noscript noscript

Nooklyn: Find Your Entrepreneurial Calling

Posted on,

Some renters delight in the idea of apartment hunting, imagining the next phase of life and daydreaming about new decor, while others dread the thought of moving, finding a roommate and a safe neighborhood to live in. For Harley Courts, CEO of Nooklyn, his passion for apartment hunting included all aforementioned sentiments, fueling him to found his own room & roommate matching service.


Nooklyn is often compared to a dating service for roommates. Real estate agents work as a middleman to match those looking for housing with those who have housing but need a roommate. Apartments are filtered by price, neighborhood, subway lines, and other amenities. After verifying their identity on Facebook, interested roommates can meet, and the no-paperwork, pay-from-your-phone @Nooklyn service facilitates the agreement and ongoing transactions.

Before becoming a digital leasing platform, Nooklyn began as a blog in 2010 where Courts would keep apartment listings up to date, a challenge in an industry plagued by scams and outdated postings. Since fully launching in 2015, Nooklyn has helped 30k renters move, processed $52 million in rental payments, and has over 300 real estate agents working exclusively for the startup. 50k renters and owners in NYC use the Nooklyn platform every month.The company may be new, but it has been able to stand out from their competitors by offering local guides and a Nooklyn Stories initiative to connect people to the rich communities around them, making them more than just an apartment website and more of a community finder.

Courts hopes to expand his company to lower Manhattan by the end of the year, and to expand to other cities within 5 years, ideally becoming bigger than Craigslist. Nooklyn closed $825 million in seed funding in early 2018 from Patoma, a firm specializing in Brooklyn multi-family development and early stage tech investments, and several other real estate offices after getting by on bootstrapping for five years. They are now beginning a round of Series A funding. Nooklyn plans to use to the investment to enhance the website and app’s software, as well as expand its engineering, design, and data teams to build an end-to-end digital leasing product for renters, roommates and property owners. The company has expanded to several brick and mortar offices and continues to put safety first while opening up the platform so anyone can post to find a room, apartment, renter or roommate.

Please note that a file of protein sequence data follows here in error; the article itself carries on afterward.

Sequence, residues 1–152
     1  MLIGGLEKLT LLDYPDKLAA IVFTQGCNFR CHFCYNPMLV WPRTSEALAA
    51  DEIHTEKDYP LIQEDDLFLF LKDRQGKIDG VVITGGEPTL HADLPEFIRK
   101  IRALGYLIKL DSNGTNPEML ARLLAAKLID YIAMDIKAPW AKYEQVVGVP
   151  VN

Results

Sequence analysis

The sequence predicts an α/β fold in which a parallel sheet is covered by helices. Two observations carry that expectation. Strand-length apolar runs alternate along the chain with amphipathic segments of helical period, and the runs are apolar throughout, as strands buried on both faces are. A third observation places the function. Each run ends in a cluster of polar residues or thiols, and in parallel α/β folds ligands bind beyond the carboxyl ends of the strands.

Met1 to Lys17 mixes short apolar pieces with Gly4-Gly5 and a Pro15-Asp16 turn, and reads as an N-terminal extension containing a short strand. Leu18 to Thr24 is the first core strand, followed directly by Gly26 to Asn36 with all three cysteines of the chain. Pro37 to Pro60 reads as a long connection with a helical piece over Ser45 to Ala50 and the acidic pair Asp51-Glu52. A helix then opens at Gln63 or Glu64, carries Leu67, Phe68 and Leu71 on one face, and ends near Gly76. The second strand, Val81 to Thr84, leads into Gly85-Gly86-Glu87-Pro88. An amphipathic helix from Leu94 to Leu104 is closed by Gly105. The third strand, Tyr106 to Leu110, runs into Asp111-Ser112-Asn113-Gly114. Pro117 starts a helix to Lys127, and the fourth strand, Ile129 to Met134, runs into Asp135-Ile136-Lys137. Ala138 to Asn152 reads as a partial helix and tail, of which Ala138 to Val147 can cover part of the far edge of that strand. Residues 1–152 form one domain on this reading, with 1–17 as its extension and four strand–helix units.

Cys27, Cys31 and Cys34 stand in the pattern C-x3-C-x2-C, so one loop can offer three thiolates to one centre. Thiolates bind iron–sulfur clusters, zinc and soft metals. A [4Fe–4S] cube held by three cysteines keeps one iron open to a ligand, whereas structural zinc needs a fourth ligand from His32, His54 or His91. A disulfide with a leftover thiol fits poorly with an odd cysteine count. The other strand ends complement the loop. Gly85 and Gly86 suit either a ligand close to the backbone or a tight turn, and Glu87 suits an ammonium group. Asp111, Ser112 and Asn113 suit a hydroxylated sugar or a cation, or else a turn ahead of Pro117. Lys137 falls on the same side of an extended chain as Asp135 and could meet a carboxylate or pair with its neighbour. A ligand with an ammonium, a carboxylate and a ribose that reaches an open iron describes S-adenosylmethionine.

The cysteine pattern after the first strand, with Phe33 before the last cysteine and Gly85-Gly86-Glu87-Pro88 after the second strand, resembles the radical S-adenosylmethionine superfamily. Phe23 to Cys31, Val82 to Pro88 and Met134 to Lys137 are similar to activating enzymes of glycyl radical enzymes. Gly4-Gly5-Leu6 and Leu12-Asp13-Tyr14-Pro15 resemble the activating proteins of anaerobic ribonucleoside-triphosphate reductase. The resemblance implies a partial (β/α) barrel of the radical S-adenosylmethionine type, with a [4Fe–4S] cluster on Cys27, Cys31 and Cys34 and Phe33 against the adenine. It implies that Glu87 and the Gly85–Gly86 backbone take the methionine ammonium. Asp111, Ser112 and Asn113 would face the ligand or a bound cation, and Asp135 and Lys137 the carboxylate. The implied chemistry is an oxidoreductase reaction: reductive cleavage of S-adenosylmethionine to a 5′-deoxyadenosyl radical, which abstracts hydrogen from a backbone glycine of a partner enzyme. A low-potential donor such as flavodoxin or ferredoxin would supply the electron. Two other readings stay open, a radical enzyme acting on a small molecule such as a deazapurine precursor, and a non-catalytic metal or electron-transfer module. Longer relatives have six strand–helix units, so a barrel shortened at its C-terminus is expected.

Courts prides himself on bringing the skateboard culture of community, family and art to the work environment at Nooklyn. He had previously started Substance Skateboards, which ultimately failed, partially due to the negative drug connotations in the name and partially due to the razor thin margins and all of the liability of upfront inventory costs. Courts lost 100k in the company and was evicted from his apartment along with other Substance Skateboards employees. He used his experience having trouble renting to create Nooklyn.

Nooklyn’s Success

Nooklyn’s success reflects a bigger change in the NYC housing market. Sure, a service was needed for people who don’t make enough to live alone but don’t know anybody to live with. But it also touches on SRO, single room occupancy, a housing style that has ebbed and flowed in popularity with various economic and social factors such as The Great Depression and deinstitutionalization of mental illness. SRO housing became associated with poverty stricken communities due to their low cost and college dorm feel. However, most SROs have professional cleaning for the shared bathrooms and many come fully furnished. With New York’s large single population and high cost of living, SROs are now being renovated to attract the middle class making $40K-$120K. As the way people live transitions to marrying later and living on their own longer, NYC’s rent-by-the-room market model continues to grow.

Nooklyn won the Best Real Estate Website award at the 22nd annual Webby Awards in 2018, beating out the large corporations like Zillow, Trulia, and Realtor. At the time of the award, Nooklyn was a bootstrapped startup with a four-person engineering team.